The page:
And much much more. Time is limited, time to post is limited. Getting out there and doing cool things is fun, and sharing them is fun too. Gotta find the right balance. I hope everyone is having a cool 2012 so far.

Ubuntu 8.04 Hardy Heron – Second Chance, Wireless Works and was Easy!

So, last night I decided to give Ubuntu 8.04 Hardy Heron another try. I blogged previously about setting it up and getting wireless to work, and what a nightmare it was

What I did this time was this. First off, I have computers everywhere, a MacBook, MacBook Pro, Dell Desktop and Dell Laptop. I have Vista on the desktop, and the Dell laptop I wasn’t doing much with, so I decided to load up Ubuntu on it. After installing, I connected it to a wired connection, downloaded the OS updates and let is sit for a while. After a few minutes it popped up with an alert telling my that there were updated drivers for the BroadCom wireless nic card. Wha?!? I open the alert, hit enable, and it downloads new drivers and fwcutter and lo and behold, wireless starts working with no hassles. I am on Ubuntu right now dinking around. So what is the first thing I do? Well make it look like a Mac of course.

So now I have Mac OS 10.5, Vista, and Ubuntu 8.04 all running on different machines. I would say right now though I do like the Mac the best. I use Vista for anything that really needs Windows. I will probably setup VMWare Fusion again on the MBP, but a smaller partition. I moved all my music there (80+ GB) and had to free up some space, my Vista partition was 60 GB.

Ubuntu 8.04 Hardy Heron – Linux is Cool, Linux Wireless is Not – 10 Step Program

Gah. I have a love hate relationship with Linux. It is pretty cool, can do pretty much everything. But.. But.. wireless support is just a joke. Same issues with Yellow Dog Linux on the PS3.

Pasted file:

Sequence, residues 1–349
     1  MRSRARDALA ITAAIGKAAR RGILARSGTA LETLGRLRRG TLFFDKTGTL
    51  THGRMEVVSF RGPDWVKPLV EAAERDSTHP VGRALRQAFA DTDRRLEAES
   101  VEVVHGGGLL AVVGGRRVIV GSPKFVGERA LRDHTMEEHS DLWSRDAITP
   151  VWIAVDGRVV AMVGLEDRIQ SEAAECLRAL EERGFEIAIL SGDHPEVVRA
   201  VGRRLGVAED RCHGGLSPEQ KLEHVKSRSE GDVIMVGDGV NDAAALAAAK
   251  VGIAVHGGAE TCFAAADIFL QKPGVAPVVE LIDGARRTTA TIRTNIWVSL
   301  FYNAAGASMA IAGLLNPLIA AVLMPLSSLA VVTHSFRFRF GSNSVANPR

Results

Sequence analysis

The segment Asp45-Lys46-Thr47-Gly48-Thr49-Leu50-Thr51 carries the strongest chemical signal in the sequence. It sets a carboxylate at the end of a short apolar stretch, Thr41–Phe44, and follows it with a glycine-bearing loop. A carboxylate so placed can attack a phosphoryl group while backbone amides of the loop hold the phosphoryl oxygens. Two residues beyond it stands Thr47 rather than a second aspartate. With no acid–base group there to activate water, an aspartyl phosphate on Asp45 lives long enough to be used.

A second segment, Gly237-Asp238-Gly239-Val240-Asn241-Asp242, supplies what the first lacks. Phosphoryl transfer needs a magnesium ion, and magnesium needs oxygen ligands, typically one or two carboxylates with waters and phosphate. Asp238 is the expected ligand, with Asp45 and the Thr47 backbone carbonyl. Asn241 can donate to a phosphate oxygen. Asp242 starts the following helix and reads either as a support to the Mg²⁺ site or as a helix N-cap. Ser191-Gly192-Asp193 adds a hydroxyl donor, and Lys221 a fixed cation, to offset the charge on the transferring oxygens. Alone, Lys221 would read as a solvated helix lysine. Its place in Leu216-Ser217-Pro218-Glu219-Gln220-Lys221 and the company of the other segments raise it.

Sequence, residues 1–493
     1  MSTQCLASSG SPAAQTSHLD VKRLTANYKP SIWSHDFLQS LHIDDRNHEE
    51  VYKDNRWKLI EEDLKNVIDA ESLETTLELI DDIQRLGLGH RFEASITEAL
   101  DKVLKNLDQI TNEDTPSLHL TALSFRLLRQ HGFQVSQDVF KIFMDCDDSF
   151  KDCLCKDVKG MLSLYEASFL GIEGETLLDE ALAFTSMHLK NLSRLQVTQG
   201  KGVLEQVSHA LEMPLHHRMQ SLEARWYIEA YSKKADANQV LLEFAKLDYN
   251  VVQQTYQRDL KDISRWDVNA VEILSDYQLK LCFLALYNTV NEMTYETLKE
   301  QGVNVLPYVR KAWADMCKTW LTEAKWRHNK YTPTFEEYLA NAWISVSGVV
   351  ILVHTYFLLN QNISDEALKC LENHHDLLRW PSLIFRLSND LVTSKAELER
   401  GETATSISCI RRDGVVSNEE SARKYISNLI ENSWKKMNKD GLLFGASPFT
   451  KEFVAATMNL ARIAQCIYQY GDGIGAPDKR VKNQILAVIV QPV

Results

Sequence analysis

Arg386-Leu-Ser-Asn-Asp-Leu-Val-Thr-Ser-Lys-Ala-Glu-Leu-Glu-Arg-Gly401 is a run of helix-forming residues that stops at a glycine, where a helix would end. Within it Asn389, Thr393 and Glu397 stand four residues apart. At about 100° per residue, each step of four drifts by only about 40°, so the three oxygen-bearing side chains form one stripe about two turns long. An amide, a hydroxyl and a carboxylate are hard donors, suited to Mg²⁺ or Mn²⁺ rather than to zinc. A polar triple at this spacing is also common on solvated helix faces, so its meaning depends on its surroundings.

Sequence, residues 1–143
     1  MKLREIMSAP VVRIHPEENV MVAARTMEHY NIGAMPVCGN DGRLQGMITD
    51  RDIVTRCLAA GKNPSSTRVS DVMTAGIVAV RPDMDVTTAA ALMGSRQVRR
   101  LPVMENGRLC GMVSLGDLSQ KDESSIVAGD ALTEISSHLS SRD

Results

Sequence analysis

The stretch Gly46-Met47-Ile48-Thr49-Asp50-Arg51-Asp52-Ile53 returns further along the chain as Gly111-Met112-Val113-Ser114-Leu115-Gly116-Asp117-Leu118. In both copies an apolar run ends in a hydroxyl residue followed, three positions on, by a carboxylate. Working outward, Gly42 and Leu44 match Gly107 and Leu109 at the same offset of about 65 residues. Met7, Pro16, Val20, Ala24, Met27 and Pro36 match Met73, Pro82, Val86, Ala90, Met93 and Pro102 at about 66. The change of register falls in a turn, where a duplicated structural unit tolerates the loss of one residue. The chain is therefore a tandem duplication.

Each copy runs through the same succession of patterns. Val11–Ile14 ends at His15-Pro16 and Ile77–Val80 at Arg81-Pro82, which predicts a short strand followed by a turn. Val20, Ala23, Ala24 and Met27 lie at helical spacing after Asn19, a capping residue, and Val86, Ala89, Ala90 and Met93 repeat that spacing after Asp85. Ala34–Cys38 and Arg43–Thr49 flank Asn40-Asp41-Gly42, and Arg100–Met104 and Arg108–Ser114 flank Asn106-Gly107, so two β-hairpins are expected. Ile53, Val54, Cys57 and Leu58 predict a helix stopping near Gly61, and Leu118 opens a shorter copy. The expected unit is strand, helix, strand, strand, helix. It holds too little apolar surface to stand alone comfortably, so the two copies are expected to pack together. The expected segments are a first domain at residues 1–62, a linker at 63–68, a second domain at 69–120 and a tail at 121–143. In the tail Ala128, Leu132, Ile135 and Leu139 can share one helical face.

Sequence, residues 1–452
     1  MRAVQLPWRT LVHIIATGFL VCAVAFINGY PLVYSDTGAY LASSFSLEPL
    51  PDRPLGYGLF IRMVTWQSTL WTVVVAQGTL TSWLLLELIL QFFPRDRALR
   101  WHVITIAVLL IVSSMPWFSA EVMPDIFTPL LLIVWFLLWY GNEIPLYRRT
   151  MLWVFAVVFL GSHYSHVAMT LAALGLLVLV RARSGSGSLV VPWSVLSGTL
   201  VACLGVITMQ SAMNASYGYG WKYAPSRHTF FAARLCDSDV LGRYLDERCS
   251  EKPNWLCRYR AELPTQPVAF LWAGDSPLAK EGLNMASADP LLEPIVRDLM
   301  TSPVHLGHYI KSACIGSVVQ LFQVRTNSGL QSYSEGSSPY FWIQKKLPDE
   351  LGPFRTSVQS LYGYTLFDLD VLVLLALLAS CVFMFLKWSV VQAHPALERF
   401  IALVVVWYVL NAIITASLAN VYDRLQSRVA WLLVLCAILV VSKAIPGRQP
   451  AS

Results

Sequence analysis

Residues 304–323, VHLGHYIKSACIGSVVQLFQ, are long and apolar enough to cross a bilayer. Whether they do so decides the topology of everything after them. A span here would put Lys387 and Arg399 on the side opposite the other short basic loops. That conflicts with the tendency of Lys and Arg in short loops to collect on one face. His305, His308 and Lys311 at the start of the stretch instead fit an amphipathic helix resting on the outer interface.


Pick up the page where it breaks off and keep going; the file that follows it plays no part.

Wireless should JUST WORK.

I downloaded the 8.04 iso, and burnt it to cd. Installed it in windows, which is cool, a 10 GB partition. rebooted and the windows boot manager lets you choose , Vista or Ubuntu.

After getting set up, logged in, I tried to get on wireless. Doesn’t work. The thing is with Linux, is if you start configuring stuff here and there, it can get WAY out of hand, and then its just wacked. That happened, so I reboot to Vista, uninstall Linux, reinstall.

Now, lets search the forums, blogs and what not to get wireless to work. These are the steps I took to get it to work. My laptop is Inspiron E1705 with Broadcom wireless..

Fire up terminal..

1) sudo apt-get install build-essential

2) wget http://bu3sch.de/b43/fwcutter/b43-fwcutter-011.tar.bz2

3) tar xjf b43-fwcutter-011.tar.bz2

4) cd b43-fwcutter-011

5) make

6) cd..

7) wget http://downloads.openwrt.org/sources/broadcom-wl-4.80.53.0.tar.bz2

8) tar xjf broadcom-wl-4.80.53.0.tar.bz2

9) cd broadcom-wl-4.80.53.0/kmod

10) sudo ../../b43-fwcutter-011/b43-fwcutter -w “/lib/firmware� wl_apsta.o

Now, reboot a few times, and then maybe.. just maybe your wireless will connect and work. Once it latches on, it seems to be fine. I am on Ubuntu right now, writing this post.

Only 10 steps to get wifi working, all manual, and just a PITA. Granted it took me about an hour to patch together 18 different ways to get it to work..

Now I know why people use Mac and Windows. There is now way regular users are going to put up with that. Its like having to turn a crank to get your engine in your car to start. Just ain’t going to happen. Maybe in version 9 🙂